Lies We Tell Ourselves
by Robin Talley
Expected Publication Date: September 30, 2014
Length: 304 pages
Publisher: Harlequin Teen
Obtained Via: Advanced Reader’s copy given by the publisher through Netgalley. This in no way influenced my opinion of the book.
View at the Traffic light:
In 1959 Virginia, the lives of two girls on opposite sides of the battle for civil rights will be changed forever.
Sarah Dunbar is one of the first black students to attend the previously all-white Jefferson High School. An honors student at her old school, she is put into remedial classes, spit on and tormented daily.
Linda Hairston is the daughter of one of the town’s most vocal opponents of school integration. She has been taught all her life that the races should be kept separate but equal.
Forced to work together on a school project, Sarah and Linda must confront harsh truths about race, power and how they really feel about one another.
Boldly realistic and emotionally compelling, Lies We Tell Ourselves is a brave and stunning novel about finding truth amid the lies, and finding your voice even when others are determined to silence it.
A lie I told myself while reading this book: Nope, not getting emotional at all.
Lies We Tell Ourselves is a spectacular book. In just over 300 pages, Talley manages to deal with racism, sexism, prejudice of all sorts, historical information that draws parallels to today, and somehow manages to tell a story as well that gives the issues all the complexity they deserve.
To call Sarah and Linda “different” would be an understatement. On paper, they should abhor each other. Sarah is one of the first students to be integrated into the public high school, and Linda’s father runs the newspaper that speaks out against integration all the time. Both of them have been brought up by their parents to believe in things a certain way, so when they end up on the same school project, they clash. . . all the time. But somehow, along the way, they begin to regard each other as something closer to equals–Sarah may argue with Linda, but Linda realizes that Sarah is just as smart as she is, if not smarter. All the while, both girls are grappling with something else deeper inside them, trying to figure out what it means. From there, each of them find themselves very much challenged.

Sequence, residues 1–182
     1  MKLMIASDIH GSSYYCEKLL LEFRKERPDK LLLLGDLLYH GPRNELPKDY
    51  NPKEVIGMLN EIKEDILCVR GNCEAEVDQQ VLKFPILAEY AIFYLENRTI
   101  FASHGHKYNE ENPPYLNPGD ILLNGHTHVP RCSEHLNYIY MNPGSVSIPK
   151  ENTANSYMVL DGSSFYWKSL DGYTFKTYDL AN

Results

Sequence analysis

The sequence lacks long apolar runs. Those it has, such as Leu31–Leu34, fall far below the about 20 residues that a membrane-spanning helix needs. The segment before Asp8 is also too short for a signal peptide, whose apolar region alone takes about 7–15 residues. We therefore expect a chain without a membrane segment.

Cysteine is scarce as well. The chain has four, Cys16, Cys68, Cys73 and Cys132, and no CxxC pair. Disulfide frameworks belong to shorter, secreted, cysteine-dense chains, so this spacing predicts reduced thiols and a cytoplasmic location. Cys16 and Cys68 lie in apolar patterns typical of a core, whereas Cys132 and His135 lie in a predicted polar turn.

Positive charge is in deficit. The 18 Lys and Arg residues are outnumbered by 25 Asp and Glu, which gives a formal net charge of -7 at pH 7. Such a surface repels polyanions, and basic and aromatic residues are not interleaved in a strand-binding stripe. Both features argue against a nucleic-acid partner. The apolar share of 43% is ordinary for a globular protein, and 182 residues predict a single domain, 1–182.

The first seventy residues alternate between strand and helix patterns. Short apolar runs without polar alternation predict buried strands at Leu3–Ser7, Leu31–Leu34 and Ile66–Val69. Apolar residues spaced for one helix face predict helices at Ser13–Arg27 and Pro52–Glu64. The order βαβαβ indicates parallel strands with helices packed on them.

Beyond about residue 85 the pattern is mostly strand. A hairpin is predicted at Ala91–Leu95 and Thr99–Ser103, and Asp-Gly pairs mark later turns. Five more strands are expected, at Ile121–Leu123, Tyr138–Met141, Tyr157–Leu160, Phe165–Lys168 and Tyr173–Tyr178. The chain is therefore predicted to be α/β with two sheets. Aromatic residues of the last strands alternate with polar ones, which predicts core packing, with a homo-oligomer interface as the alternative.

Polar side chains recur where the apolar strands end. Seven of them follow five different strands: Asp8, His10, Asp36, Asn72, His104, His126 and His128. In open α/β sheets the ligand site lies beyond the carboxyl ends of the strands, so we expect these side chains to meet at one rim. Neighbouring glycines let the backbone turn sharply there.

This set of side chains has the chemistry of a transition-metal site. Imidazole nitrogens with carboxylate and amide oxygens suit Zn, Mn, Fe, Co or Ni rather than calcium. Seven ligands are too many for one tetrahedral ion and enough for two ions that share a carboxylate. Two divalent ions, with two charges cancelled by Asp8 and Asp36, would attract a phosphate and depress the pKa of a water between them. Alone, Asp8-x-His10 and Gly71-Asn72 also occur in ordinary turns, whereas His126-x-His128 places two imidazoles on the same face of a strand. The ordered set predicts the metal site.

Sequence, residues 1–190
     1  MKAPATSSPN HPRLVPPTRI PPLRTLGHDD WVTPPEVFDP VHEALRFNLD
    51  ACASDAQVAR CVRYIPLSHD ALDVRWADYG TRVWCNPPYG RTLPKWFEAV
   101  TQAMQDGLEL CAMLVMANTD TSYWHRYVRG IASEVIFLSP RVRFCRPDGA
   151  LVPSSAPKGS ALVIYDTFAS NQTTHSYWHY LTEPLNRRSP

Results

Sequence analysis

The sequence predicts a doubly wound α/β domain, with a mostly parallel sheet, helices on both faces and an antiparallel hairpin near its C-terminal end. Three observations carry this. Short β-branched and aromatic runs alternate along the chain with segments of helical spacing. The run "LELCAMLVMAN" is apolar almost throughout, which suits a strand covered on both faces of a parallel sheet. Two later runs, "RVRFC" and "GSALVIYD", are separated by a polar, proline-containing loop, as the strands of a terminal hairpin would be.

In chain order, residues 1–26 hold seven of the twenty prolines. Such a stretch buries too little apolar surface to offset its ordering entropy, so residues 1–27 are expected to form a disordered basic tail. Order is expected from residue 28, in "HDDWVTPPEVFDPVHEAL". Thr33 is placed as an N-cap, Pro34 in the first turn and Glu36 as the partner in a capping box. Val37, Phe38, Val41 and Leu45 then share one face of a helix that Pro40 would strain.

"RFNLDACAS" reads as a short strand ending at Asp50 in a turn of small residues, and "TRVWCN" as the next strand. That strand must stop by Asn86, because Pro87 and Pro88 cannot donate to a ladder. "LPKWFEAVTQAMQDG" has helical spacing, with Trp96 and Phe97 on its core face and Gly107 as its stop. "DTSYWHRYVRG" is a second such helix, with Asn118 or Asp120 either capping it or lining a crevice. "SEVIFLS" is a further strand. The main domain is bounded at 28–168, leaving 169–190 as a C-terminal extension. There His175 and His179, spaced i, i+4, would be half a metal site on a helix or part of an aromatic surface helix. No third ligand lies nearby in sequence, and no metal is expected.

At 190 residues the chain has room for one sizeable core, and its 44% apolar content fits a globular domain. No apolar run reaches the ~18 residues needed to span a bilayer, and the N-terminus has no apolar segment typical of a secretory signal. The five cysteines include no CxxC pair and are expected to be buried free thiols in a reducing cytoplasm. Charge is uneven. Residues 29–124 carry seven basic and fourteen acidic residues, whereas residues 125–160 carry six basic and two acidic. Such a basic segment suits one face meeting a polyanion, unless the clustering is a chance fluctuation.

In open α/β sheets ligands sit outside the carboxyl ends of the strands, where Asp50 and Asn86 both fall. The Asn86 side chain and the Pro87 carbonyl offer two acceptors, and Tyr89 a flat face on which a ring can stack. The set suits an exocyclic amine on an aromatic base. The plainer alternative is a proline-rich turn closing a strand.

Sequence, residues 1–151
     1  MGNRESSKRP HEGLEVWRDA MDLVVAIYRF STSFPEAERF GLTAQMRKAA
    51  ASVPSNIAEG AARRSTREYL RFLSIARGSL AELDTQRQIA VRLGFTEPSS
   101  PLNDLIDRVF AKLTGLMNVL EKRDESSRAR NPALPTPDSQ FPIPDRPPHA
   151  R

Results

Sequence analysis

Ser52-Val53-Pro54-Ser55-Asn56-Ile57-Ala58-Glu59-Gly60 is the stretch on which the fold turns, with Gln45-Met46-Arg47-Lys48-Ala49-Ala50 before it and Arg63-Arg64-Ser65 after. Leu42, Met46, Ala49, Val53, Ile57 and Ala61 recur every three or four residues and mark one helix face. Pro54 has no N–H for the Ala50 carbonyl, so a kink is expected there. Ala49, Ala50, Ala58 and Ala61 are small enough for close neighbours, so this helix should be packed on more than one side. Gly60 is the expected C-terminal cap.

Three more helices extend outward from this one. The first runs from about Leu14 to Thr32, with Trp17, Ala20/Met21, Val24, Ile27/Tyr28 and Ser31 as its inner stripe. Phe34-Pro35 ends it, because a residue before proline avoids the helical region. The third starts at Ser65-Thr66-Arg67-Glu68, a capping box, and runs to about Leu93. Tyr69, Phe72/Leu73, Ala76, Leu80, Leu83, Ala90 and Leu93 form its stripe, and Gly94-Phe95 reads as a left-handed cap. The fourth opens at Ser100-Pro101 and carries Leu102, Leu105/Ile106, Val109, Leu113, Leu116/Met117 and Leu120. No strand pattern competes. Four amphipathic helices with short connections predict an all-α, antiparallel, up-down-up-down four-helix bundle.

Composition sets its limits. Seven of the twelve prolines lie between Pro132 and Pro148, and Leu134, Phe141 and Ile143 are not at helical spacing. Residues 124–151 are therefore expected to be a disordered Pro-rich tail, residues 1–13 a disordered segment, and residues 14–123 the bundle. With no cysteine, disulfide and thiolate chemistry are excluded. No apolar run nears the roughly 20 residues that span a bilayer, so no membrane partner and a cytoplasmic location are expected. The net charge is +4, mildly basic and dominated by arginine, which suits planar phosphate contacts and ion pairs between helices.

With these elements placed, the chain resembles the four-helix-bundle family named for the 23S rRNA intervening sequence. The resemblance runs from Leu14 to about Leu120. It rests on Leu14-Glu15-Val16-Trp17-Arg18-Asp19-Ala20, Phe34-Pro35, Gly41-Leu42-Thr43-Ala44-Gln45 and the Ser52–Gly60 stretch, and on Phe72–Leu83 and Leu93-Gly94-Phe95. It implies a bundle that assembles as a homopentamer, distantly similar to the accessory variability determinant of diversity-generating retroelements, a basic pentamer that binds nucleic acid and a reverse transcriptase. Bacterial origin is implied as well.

Lies We Tell Ourselves is told in a split POV and in this case, it really works. Sarah’s voice feels so authentic–it’s raw and full of pain, but also hope. Sarah is smart and talented, but she also finds herself becoming a beacon for a movement–a movement she agrees with, but at the same time, she just wants to be a person. Linda finds herself regurgitating her father’s viewpoints at first but struggles with really believing them considering who those views come from. Linda’s voice is hard to read at first, considering her prejudice, but it’s insightful and really tactfully done.
History is often hard to read about, and I find the era in which Lies We Tell Ourselves particularly challenging to read. It’s not easy to read about integration in such a raw way. Even though it’s a fictional account, the story aspect of Lies We Tell Ourselves puts more of humanity on the face of that period than any history book ever could.
Tackling both race and LGBT issues in a historical book while remaining accurate to the time period is no easy feat, but Lies We Tell Ourselves really manages it. It was brilliant, really–the way Linda is forced to confront her own prejudices as well as face her true identity drew quite a few parallel to issues of prejudice today, without ever feeling over-the-top. Lies We Tell Ourselves invites discussion, not declarations.
Lies We Tell Ourselves is an amazing debut that I KNOW I will be re-reading. If you like history or books that deal with LGBT issues(or both!), get thee to a bookstore. It’s all really fantastically and tactfully handled, and will make you both think and possibly cry at the unfairness of it all at times. 5/5 cupcakes.